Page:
Three days to launch a TV station


Neil Hutchins# TV-Bay Magazine
Read ezine online
by Neil Hutchins
Issue 104 - August 2015

We go on-air in less than 100 hours is an alarming statement when the studio and control room in question contain no technical equipment whatsoever. But this was the situation that we faced upon arrival at the new Local TV channel in Manchester for the first time as we began to unload the van late on a Thursday afternoon at the end of May, we knew that the station had to go live on Sunday evening, just three days later. And not only did the new channel plan to launch with a live studio show, but it would also have to remain on-air with its own transmission output continuously after that. We have worked on projects with quick turnarounds before, but the speed and scale of this one were quite breath-taking.

Of course, the story really began much earlier than that. Thats Media have already launched local channels in Portsmouth and Oxford, although they had only relatively recently taken responsibility for the former Your TV licence in Manchester. We, aQ Broadcast, have a great deal of experience of other local launches, including Mustard TV in Norwich, Latest TV in Brighton, Bay TV in Liverpool and Big Centre TV (BCTV) in Birmingham. Thats and aQ had already worked together at Thats Solent when it launched in late 2014, so it was an obvious step to consider collaborating again on the Thats Manchester project. But there were some significant targets to meet, including a launch date of 31st May defined by Ofcom as a condition of the transition from Your TV to Thats TV and the requirement for a single technical solution to meet the entire needs of the whole new station.

Discussions actually began about the Manchester launch in late April, but many factors including having to locate and adapt suitable studio space meant that the system couldnt be installed until immediately before the on-air deadline. With such a tight turnaround, it was clear that the only viable approach would be for us to build, configure and test a complete system off-site in a wheeled rack, and then simply roll it into location, plug it in and then turn it on. We had used the same method to deliver a system to BCTV successfully within a short timescale earlier this year, but the technical requirements for this new project were rather more complex.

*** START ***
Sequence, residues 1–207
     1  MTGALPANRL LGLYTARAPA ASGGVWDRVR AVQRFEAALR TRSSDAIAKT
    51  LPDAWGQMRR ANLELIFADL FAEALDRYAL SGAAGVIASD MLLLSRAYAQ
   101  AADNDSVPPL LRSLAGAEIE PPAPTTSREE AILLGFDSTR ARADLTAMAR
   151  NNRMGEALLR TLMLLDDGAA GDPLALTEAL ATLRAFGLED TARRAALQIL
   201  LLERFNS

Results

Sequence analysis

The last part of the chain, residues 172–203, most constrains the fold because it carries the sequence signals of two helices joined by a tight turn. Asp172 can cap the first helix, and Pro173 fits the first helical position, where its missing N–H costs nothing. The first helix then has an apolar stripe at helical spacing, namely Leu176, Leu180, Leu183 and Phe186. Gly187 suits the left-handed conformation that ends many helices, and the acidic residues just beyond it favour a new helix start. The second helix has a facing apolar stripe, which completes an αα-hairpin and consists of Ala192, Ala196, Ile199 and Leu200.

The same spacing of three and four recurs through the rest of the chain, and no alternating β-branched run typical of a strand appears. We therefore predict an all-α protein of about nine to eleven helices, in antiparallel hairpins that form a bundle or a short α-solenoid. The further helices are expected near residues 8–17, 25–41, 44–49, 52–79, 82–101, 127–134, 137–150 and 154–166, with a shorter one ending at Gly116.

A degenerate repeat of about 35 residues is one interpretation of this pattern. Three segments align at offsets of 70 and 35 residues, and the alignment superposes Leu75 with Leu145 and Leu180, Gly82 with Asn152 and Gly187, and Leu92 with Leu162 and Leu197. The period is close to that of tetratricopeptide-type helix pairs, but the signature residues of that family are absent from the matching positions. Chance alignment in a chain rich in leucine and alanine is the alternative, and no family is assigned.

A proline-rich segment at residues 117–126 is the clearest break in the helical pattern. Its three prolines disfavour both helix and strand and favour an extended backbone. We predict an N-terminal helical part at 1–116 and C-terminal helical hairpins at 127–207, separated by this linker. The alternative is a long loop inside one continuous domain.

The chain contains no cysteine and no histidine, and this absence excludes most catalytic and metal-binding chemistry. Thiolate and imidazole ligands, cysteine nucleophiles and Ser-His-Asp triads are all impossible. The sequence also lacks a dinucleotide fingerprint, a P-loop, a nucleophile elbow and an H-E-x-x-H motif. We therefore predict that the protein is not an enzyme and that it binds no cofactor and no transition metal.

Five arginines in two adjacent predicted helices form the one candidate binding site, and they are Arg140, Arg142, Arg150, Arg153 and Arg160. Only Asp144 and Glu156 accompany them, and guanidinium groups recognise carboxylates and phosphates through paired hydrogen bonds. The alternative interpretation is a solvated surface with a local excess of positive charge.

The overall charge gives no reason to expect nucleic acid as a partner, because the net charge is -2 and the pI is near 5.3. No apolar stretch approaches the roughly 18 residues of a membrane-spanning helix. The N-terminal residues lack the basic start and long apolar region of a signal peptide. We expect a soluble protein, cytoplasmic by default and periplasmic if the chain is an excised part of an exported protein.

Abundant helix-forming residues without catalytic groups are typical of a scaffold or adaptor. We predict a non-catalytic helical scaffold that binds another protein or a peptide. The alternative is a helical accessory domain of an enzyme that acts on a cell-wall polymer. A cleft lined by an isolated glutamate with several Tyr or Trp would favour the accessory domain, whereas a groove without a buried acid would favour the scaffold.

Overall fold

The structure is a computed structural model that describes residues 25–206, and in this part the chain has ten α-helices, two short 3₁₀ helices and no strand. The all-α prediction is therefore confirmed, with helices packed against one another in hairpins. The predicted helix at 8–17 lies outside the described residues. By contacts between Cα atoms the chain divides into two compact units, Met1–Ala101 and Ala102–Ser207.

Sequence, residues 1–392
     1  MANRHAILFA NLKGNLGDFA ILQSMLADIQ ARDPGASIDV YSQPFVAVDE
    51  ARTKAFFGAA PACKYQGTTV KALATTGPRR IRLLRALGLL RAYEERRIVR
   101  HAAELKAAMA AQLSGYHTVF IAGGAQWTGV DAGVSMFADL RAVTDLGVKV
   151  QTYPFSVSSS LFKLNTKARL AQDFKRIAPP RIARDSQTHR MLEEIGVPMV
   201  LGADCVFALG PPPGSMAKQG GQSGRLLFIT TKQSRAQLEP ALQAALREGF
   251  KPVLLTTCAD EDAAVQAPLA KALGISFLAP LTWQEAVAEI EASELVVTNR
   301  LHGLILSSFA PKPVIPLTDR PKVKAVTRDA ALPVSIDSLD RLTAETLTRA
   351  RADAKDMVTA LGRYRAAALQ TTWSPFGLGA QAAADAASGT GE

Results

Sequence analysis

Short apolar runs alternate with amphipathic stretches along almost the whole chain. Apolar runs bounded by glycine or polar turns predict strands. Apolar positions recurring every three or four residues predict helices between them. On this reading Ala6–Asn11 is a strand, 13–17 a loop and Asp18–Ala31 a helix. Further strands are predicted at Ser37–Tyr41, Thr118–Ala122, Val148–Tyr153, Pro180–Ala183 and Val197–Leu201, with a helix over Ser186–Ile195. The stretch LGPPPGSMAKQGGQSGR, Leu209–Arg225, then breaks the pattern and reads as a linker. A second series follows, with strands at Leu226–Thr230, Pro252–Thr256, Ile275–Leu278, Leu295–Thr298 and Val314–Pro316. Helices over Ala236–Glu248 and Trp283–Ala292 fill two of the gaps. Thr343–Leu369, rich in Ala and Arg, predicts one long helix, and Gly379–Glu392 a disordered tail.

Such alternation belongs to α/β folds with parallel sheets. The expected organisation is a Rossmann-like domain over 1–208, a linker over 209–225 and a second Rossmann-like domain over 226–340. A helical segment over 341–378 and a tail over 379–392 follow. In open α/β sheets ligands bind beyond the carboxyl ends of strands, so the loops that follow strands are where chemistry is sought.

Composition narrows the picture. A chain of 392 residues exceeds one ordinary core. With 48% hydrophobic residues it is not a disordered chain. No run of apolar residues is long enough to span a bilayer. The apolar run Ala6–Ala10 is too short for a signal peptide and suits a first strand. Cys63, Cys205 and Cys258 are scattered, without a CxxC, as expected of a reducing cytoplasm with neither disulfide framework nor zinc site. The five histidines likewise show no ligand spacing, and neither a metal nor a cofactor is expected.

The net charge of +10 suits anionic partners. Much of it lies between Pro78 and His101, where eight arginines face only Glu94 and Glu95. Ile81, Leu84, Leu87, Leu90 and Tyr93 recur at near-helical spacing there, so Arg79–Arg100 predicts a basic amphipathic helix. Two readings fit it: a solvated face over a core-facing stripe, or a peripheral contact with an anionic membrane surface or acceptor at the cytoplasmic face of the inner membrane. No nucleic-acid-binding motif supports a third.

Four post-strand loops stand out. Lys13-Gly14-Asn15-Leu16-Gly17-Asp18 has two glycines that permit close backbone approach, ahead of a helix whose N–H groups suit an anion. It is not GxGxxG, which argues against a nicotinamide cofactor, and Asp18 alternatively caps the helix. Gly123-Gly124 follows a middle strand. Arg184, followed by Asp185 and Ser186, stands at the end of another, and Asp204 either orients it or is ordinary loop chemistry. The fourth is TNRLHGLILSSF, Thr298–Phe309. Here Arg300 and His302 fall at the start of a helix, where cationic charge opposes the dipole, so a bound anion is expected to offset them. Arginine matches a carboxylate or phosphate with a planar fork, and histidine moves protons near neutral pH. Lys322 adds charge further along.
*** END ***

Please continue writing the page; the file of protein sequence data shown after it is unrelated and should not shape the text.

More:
Perhaps unlike other Local TV (LTV) stations, Thats Manchester is required by its licence to be on-air twenty-four hours a day, seven days a week, primarily with locally-generated content. With such a short window before launch, it was vital that the technical solution would provide flexible production operation tightly integrated with reliable transmission automation. It was also crucial that the whole system would be easy and straightforward to use, both by larger teams during peak times and by individual operators during early and late shifts. In more general terms, the project required a very wide range of functional elements:

¢ Shared storage for recorded content, for finished pieces ready to be played out and for use as a working area, with access from any networked workstation.
¢ Production capability for the studio, handling both live and pre-recorded shows. This should include video and audio mixing, CG graphics (i.e. lower-third captions), still-store handling, internal clip playback and recording, all using material on the shared Store.

¢ Video Server functionality, providing conventional clip recording and playback (also to/from the shared Store), primarily for transmission play-out purposes i.e. playing sequences of recorded content.